More Sounds from Around Town
Singer/guitarist/songwriter Peggy Mann has been playing around these parts for nearly twenty years, which makes the release of her debut CD Tenderness seem slightly overdue. The eleven-song effort touches on all of Mann's well-worn influences: The folksy, melodic lilt of "Undercover" features a chorus reminiscent of Meredith Brooks's annoying "Bitch" ("I'm a loser/I'm a winner/I'm an actress/I'm a sinner"); "Advice" has Latin undertones; the title track is a straightforward ballad that includes some nice harmonizing on the chorus. I can picture hordes of women singing this one in the car at top volume after being reminded by Oprah to "remember their spirit." Mann and her band attempt a more bluesy rock sound on "Keep It Inside You," and the result sounds a little like Heart's "Magic Man." Whether that's a good or bad thing depends wholly on the listener. "If You Were an Angel" is a pop-country ditty, more Faith Hill than Tammy Wynette. It's all pretty predictable -- which is fine, since the music's real function is to provide a framework for Mann's voice. And there's no question that the woman can sing. Fortunately, her vocal calisthenics are impressive but not excessively showy. Mann sounds like Ani DiFranco's kinder, gentler aunt -- playing it safe, keeping it pretty. This is music Ally McBeal would dance around her living room to. (Semi-Mental Productions, P.O. Box 460491, Aurora, CO 80046-0491.)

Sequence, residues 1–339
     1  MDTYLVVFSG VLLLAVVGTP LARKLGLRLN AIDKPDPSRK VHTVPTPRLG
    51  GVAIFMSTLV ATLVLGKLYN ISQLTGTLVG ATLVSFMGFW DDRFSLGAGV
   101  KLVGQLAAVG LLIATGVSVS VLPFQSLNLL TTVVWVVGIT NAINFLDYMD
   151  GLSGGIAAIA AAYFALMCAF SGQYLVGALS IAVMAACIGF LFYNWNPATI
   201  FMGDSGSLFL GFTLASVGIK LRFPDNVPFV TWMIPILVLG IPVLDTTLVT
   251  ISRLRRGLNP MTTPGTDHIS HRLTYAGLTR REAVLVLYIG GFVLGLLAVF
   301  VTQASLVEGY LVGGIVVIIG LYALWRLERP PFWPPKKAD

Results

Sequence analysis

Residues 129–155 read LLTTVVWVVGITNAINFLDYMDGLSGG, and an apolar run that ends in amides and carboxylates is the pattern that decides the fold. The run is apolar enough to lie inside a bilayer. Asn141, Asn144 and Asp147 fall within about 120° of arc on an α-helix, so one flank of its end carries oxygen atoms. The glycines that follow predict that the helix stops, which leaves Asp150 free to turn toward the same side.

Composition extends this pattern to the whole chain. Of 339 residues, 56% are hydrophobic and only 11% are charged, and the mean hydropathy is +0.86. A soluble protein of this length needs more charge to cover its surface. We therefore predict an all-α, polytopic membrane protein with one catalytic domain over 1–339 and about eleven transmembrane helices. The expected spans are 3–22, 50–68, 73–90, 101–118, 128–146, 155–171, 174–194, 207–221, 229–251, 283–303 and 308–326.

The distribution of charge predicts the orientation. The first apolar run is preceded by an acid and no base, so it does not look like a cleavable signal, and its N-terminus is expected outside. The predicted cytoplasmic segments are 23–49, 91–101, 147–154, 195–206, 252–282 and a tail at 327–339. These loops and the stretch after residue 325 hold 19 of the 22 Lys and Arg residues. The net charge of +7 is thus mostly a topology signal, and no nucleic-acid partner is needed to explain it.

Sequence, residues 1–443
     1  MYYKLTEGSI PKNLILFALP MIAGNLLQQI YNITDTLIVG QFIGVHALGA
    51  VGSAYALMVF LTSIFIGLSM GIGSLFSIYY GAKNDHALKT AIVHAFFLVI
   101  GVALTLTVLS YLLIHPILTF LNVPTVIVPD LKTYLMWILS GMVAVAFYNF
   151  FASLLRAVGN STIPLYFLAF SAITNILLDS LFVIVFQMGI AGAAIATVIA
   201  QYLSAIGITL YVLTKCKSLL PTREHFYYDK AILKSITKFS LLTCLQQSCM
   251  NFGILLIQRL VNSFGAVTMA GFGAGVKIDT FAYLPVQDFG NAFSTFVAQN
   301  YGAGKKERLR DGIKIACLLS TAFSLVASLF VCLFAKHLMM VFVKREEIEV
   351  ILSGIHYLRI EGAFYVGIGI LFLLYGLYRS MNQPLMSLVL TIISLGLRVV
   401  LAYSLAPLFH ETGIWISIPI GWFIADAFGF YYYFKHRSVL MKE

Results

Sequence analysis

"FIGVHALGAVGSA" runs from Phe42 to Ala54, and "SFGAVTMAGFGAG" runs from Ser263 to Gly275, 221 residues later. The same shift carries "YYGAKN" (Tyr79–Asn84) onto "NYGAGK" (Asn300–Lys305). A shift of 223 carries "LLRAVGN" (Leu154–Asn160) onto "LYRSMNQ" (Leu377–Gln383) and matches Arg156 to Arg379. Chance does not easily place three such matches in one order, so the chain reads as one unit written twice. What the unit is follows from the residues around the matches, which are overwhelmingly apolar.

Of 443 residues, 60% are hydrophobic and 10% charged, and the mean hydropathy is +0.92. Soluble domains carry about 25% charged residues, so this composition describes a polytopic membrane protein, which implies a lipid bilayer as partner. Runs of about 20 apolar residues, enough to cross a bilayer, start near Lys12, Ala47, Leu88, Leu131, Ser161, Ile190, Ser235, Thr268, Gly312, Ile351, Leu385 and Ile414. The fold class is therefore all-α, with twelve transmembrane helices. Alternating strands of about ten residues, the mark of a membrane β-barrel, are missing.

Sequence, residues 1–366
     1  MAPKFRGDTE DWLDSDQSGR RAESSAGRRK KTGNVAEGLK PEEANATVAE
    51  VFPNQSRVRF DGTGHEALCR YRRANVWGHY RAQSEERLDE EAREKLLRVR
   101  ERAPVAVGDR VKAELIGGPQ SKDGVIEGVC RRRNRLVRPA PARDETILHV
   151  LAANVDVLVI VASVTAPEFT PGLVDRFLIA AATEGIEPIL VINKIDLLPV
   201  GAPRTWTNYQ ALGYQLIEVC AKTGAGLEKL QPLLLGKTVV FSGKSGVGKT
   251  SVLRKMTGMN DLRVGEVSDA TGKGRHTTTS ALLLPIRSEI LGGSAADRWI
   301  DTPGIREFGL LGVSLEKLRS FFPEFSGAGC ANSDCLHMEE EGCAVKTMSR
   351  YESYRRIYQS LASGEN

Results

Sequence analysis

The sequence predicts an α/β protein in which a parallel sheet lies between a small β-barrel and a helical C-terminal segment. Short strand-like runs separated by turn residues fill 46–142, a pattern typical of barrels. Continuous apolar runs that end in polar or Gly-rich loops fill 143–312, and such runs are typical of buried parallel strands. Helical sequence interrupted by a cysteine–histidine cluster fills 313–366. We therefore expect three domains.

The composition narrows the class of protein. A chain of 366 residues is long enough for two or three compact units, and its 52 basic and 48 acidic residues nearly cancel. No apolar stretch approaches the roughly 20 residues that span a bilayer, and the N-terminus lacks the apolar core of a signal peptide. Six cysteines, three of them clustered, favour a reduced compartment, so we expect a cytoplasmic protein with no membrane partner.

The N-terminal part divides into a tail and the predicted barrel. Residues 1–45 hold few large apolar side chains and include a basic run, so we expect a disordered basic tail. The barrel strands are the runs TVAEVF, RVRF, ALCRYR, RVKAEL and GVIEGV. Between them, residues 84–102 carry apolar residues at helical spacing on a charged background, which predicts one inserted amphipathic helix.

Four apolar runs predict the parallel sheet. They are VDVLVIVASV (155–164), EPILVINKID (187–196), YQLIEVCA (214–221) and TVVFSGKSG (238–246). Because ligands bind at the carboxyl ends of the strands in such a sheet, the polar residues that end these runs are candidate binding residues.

"TV or Not TV" is the lead track off of Planeterrarium, the third release from Boulder's Rhino2Rhino, and its title and lyrics are a good indicator of things to come. The song seems to assume the perspective of a child television star existentially coming to terms with the medium that birthed him. Of course, that might be a complete misreading, as the lyrics, amusing but cryptic as they are, defy easy interpretation: "Those were the days of wine and roses/I never sat through mass deceiving the masses/Still, you shaped your existence by watching me/Or was it me, learning to be from watching you?" Throughout the release's ten tracks, vocalist/bassist Andy Harrington serves as a kind of master of ceremonies for a lyrical carnival of sounds and styles. With heavy use of three-part vocal harmonies and lots of overdubs, the band plays with everything from dance-hall reggae to a Beach Boys-ish approach to composition. There's an inverse Ben Folds Five quality here. While Folds is known to deliver ironic or matter-of-fact observations against a backdrop of grand music, Rhino2Rhino pairs semi-serious subject matter with easy, back-porch barbecue music. "Dawn's Highway" is the tale of a hitchhiker longing for love in the truck stops of the nation -- but the song never strays from an almost funky, melodic cheer; despite a dark instrumental on "Feels Like Kevin," a song about the fate of a young boy "who slipped... and hit his head," the song's deep jazz groove renders it undeniably sunny. It's a dichotomy the bandmembers are aware of and seem to enjoy; they tinker with the emotional split between how music operates on a listener's body versus what the mind understands through lyrics. Other times, the music is a perfect match for the band's humor, such as on "Yard Sale," a tale of letting go of the past and its mementos, including Chewbacca figurines. "Loaded Down," the final track, begins with a gospel-like a cappella harmony from the three bandmembers (Harrington, guitarist Christopher Smith and drummer Dominic Rivers) and recalls everything from Phish to Queen to a really goofy -- and really entertaining -- fusion of outlaw country and Scottish traditionals. Witty and well-played, Planeterrarium indicates Rhino2Rhino is a band that's happy being hard to pin down. (P.O. Box 4006, Boulder, CO 80306.)